One in a series of posts on my struggles with maintaining a healthier weight, starting in early 2019 and working into the present day
#Weight: 250-something in January, 2019
In January 2019, I wrote:
The obvious remedy to being fat is to stop eating so much.
But here’s the thing: I can’t seem to do it. Or, at least, I can’t seem to do it over the long run.
Look, there are thousands of diet and fitness books out there. I own some of them myself. But I know that this isn’t about eating more meat and less bread or whatever. This is less about my body than my mind.
Having said that, I imagine there are some genetic components. In my family, we males tend to gain weight on our hips and only later does it creep up and around our stomachs. At the beach, it’s all too easy to identify us as siblings.
But, hey, even if there is a genetic factor, that doesn’t mean I’m somehow fated to be fat. It just means that losing weight is a somewhat bigger challenge for me than for some other folks.
Yet, that are a lot of other folks, of course. Not long ago, I was at the shuffleboard courts and decided to look for men that weren’t fat or, at least, overweight. Know what? It was a challenge. We fats guys are legion.
Yeah, I know. Shuffleboard, right? The ultra-low impact sport of fat fellows. Especially older fat fellows. But here’s the thing. It’s getting to be a pretty popular sport among the Millennial and Gen Z generations, and a lot of them are pretty heavy as well.
But, again, shuffleboard!
Okay, so go ahead and Google that stuff. You’ll see that an astonishing 80% of U.S. men ages 50 to 54 are either overweight or obese. It’s a frigging American epidemic. And, though we U.S. guys are the poster children of fat people, being fat is a global thing.
We fat folk are over 2 billion strong, at least 30% of the whole world’s population. The number of overweight and obese individuals in the world increased from 857 million (20%) in 1980 to 2.1 billion (30%) in 2013. And things aren’t getting any better. According to the Centers for Disease Control, the percent of U.S. adults aged 20 and over who are overweight or obese was a whopping 71.6% in 2015-2016.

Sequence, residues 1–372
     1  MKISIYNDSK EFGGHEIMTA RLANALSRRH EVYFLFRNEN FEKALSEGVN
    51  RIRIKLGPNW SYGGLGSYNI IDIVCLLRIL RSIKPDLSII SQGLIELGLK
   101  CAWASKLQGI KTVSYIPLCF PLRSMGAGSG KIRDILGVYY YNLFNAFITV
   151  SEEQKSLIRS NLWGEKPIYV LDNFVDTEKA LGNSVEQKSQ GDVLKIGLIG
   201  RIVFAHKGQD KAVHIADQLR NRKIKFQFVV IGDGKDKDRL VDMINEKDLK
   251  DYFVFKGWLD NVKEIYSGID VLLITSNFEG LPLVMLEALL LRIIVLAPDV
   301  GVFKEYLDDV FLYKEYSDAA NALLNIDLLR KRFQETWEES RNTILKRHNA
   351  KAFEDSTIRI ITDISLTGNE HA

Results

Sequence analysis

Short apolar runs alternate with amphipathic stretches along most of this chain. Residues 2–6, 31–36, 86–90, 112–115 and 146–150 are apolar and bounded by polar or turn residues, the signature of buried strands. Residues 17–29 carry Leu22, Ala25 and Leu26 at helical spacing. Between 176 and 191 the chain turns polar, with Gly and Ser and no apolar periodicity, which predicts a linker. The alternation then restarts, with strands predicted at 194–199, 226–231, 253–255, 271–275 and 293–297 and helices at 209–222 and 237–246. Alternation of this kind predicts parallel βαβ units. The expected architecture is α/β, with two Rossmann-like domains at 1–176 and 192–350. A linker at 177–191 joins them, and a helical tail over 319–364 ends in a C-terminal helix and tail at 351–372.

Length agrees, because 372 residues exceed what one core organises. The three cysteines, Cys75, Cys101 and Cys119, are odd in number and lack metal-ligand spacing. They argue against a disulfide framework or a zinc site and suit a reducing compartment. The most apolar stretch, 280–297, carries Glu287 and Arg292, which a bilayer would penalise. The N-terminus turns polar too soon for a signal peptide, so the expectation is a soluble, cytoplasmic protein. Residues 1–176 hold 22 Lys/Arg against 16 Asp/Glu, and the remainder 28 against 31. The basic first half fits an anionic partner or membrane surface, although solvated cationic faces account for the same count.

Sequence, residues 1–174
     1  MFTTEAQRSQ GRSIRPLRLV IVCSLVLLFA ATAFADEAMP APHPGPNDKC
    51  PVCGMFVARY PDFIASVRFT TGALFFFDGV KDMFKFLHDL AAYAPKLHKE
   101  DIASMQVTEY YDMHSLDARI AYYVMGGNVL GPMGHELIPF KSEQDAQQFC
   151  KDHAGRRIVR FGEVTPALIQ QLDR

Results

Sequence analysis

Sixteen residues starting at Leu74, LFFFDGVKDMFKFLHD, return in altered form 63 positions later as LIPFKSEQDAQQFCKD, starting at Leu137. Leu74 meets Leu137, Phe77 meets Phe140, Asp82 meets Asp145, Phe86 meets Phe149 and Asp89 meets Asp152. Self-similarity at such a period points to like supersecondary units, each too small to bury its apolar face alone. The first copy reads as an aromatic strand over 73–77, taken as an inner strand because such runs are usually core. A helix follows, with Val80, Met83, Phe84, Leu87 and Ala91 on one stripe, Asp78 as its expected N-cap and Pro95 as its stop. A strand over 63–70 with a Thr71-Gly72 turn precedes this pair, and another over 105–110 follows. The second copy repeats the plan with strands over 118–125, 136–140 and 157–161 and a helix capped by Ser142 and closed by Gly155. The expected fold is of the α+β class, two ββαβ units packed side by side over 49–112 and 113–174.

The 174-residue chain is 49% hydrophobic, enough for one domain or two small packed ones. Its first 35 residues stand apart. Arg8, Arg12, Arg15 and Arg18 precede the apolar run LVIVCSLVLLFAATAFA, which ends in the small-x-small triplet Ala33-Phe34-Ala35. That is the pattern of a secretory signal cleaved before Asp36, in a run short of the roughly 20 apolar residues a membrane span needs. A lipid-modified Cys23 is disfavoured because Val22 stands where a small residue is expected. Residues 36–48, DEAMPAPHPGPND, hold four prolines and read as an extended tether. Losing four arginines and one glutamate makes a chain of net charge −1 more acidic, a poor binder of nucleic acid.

Okay, so there’s not just a genetic component, there’s a cultural one. We denizens of the so-called developed world are just a lot more likely to be fat. Why? Take your pick.
- Jobs where we mostly sit all day long
- Lots of processed, tasty and calorie-packed foods
- Entertainments (Netflix anyone?) where we also mostly sit or, even better, lounge
- Tons of work and life stress, especially in the U.S.
Those are just the tip of the iceberg. If we wanted, we could delve into the evils of advertising, the fantastic success of the modern agricultural revolution, and more. But you get the drift. There are a lot of external reasons so many of us have gotten fat.
And, for me, there are a lot of internal reasons as well, which I’ll get into later.
The Fat Men’s Clubs of Yesteryear
Does it matter? That’s a question I keep coming back to. At one time, being fat was fine, even trendy.
There actually were fat men’s clubs in the U.S. back in the day, meaning the late 19th to early 20th centuries. They were literally social clubs that you could only join if you weighed over 200 lbs (91 kg). Back then, the stereotype associated with being a fat man (and, yes, there was double standard for women even back then) was that they were financially successful, benevolent and, well, kind of jolly.
Times have changed, though. Now we fat folk are in a club that few folks want to be part of. Maybe that’ll change again in the future. For now, though, we are legion yet often still ashamed of our not-to-hot bodies.
Engraving showing the 15th Annual Clambake of the Fat Men's Association in Connecticut by Neosho Absecon